Despite regularly preaching to our clients the importance of carrying out a Strategic Review of their business, we – like many of our clients - found that we had been too busy doing the day-to-day job to carry out a root and branch review of our own business.
Last year, we therefore decided to conduct our own (rather overdue) Strategic Review.
Self-appraisal – an uncomfortable experience
A strategic review starts with an evaluation of your own business. This is not an easy task. It can be very hard knowing what to cover in that evaluation (what should we include, leave out, how deep should it go?) and to do it impartially. No one like critiquing themselves, especially if they know it may uncover issues outside their comfort zone that they would rather not deal with. Of course, as well as looking at the internal strengths and weaknesses of your firm, you also need to consider the external threats and opportunities and how you are going to mitigate or exploit those.
And once you have completed a review, the next step is how do you turn your findings into a plan to drive ‘change’ forward within your firm that allows for real growth? If a strategic plan is just consigned to a document that is never read or implemented it will never deliver meaningful change.
Key steps in a Strategic Review
So, having run and participated in numerous strategic review and planning initiatives for law firms all over the world, here are the top pointers we think are essential to getting the most out of valuable Partner time and ensuring strategic improvements can be identified and implemented.
1. Establishing a clear strategy and developing a plan for achieving it is best accomplished using a structured process. Set up a framework before you start so everyone knows what is expected of them and you have all the raw information you need on which to base decisions.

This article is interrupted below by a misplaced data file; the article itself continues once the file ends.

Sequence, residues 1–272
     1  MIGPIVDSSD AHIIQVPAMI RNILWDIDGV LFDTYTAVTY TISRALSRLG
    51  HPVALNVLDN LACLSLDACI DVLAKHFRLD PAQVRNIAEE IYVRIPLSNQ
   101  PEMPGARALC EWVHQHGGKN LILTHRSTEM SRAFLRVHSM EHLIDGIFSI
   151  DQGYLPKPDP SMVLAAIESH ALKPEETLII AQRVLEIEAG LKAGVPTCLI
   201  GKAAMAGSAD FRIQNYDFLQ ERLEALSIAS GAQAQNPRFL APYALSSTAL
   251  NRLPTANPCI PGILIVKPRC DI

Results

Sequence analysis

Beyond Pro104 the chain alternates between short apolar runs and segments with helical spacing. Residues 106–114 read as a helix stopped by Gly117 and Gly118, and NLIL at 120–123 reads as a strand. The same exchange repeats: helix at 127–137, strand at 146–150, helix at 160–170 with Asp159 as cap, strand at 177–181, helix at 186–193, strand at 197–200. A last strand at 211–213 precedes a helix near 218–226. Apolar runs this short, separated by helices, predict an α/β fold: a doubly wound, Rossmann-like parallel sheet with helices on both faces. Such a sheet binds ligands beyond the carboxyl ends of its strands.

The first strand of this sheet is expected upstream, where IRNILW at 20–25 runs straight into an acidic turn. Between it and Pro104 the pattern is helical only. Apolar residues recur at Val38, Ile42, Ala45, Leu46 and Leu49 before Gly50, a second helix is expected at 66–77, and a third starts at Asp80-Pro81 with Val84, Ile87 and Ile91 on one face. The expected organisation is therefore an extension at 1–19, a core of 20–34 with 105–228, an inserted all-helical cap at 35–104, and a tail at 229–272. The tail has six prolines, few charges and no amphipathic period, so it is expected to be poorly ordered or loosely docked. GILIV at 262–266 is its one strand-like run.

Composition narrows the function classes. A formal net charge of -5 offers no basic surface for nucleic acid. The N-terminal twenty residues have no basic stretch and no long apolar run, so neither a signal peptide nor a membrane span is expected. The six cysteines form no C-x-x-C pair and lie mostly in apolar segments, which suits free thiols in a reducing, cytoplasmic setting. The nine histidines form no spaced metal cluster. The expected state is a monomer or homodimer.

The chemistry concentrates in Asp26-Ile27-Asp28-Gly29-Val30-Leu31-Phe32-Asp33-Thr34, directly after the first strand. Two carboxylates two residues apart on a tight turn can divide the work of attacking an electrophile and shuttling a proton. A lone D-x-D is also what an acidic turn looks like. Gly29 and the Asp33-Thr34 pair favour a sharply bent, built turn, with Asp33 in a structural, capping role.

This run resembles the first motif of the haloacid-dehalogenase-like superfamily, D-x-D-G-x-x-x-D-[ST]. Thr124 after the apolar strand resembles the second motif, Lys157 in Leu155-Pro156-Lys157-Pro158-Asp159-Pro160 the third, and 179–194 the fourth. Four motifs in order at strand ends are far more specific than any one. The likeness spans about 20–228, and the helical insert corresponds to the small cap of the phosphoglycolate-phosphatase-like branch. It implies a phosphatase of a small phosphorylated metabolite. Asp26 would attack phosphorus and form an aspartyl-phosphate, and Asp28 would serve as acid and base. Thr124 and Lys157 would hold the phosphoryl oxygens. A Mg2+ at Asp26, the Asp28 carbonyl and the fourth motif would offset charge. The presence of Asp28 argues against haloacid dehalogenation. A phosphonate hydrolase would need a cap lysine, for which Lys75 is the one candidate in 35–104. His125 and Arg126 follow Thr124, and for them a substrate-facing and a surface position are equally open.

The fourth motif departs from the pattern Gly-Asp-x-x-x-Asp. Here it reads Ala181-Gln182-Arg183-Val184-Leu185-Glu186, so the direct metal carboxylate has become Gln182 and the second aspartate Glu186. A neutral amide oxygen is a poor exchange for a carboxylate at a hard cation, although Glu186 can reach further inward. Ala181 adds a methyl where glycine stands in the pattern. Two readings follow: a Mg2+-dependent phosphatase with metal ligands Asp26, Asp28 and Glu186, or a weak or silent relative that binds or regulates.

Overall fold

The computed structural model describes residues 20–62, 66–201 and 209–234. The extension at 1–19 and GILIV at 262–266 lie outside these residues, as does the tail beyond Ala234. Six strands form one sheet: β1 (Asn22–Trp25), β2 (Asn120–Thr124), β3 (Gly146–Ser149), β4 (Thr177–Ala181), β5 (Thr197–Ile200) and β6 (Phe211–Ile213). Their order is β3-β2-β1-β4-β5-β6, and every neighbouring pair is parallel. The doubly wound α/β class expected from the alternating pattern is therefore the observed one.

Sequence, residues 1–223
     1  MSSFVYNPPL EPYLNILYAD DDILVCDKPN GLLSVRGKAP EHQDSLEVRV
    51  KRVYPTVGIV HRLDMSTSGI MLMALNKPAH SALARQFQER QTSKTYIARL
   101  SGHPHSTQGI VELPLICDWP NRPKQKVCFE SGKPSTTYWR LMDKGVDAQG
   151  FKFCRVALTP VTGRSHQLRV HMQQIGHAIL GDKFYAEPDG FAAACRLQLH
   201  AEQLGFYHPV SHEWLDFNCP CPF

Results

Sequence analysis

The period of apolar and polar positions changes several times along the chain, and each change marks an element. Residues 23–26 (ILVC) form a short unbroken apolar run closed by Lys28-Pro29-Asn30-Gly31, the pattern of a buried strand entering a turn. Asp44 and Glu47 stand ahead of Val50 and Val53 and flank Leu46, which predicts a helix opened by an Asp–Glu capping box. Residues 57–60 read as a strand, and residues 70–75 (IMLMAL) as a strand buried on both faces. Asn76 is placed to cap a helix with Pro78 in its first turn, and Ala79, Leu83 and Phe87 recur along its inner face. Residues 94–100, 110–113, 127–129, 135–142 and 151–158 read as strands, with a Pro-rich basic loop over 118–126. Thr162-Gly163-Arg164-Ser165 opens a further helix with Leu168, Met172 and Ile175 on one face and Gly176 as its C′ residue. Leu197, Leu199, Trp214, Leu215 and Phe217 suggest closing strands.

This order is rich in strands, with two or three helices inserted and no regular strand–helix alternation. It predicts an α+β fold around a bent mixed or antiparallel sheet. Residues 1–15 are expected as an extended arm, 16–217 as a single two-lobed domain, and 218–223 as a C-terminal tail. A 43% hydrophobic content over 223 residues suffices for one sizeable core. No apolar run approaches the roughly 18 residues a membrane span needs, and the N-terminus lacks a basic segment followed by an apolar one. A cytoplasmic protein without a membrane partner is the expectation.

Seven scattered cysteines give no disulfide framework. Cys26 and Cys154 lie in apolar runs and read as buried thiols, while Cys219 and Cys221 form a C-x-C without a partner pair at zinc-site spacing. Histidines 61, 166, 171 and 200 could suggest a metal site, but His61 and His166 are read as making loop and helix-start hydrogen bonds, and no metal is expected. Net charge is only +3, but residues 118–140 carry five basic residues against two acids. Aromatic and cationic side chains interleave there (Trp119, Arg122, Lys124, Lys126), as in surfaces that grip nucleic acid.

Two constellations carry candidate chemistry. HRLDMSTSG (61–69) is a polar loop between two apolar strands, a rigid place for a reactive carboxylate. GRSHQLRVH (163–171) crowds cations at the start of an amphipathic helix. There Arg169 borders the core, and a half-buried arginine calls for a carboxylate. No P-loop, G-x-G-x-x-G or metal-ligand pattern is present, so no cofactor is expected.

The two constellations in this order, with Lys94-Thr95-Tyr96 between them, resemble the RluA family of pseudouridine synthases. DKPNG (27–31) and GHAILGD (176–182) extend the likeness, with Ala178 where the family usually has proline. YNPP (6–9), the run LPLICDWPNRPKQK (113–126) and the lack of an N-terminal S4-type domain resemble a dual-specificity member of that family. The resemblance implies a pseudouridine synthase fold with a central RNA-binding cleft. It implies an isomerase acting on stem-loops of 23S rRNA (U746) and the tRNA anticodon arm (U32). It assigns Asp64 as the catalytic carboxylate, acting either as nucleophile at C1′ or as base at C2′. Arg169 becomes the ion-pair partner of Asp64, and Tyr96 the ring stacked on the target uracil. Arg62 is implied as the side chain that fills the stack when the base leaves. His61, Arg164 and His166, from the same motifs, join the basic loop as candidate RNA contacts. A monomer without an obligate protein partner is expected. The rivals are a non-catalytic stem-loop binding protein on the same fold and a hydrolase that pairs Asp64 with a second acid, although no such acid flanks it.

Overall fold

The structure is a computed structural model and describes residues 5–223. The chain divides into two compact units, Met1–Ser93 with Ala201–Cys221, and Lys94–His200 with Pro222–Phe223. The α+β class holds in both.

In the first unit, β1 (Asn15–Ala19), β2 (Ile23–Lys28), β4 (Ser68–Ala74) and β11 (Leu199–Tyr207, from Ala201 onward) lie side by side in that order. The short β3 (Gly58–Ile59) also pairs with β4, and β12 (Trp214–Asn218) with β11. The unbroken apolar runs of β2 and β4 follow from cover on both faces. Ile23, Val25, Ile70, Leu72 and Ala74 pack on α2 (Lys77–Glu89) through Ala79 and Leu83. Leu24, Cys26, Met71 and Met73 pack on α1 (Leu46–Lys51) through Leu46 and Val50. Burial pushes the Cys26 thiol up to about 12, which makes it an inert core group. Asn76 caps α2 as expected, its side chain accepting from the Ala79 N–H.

2. A strategic review can cover numerous law firm functions including business development, human resources, compensation, technology, pricing, financial management and leadership. Trying to address all of these areas at once is too broad and leaves little time for implementation. Decide on your immediate priorities and set realistic objectives.
3. Get outside specialist help when devising your strategic plan. An impartial third party can address difficult issues candidly, challenge pre-conceived bias and apathy, keep discussions on track and share the benefit of their experience of what works and what doesn’t.
4. Don’t be tempted to just copy the competition. Differentiation is key. The strategic planning process must be customised to your firm, its culture and stage of development.
5. Set goals that are both ambitious and pragmatic: Your strategic plan should have a meaningful payoff, while remaining grounded in a realistic understanding of what can be accomplished.
6. Don’t underestimate the resources needed to drive strategic improvement. You need to appraise your firms’ existing resources (skill sets, available time etc) to decide if you have the in-house capacity and capability to put your plan into action.
7. Invest time planning your implementation process and don’t delay putting it into place, otherwise your strategy will lose focus. Immediate successes are critical to building momentum.
8. At every stage in the development of the strategic plan you should consider how you will track it. Your strategic goals should be clear, time based and measurable. Quarterly reviews are a good time to see whether you have over or under-estimated what you have accomplished and if necessary make adjustments.
9. Remember that changes in the legal market – and in client expectations – are constant. Plans made only a few years ago may no longer be relevant in today’s dynamic and ultra-competitive environment so keep your strategy flexible and current.
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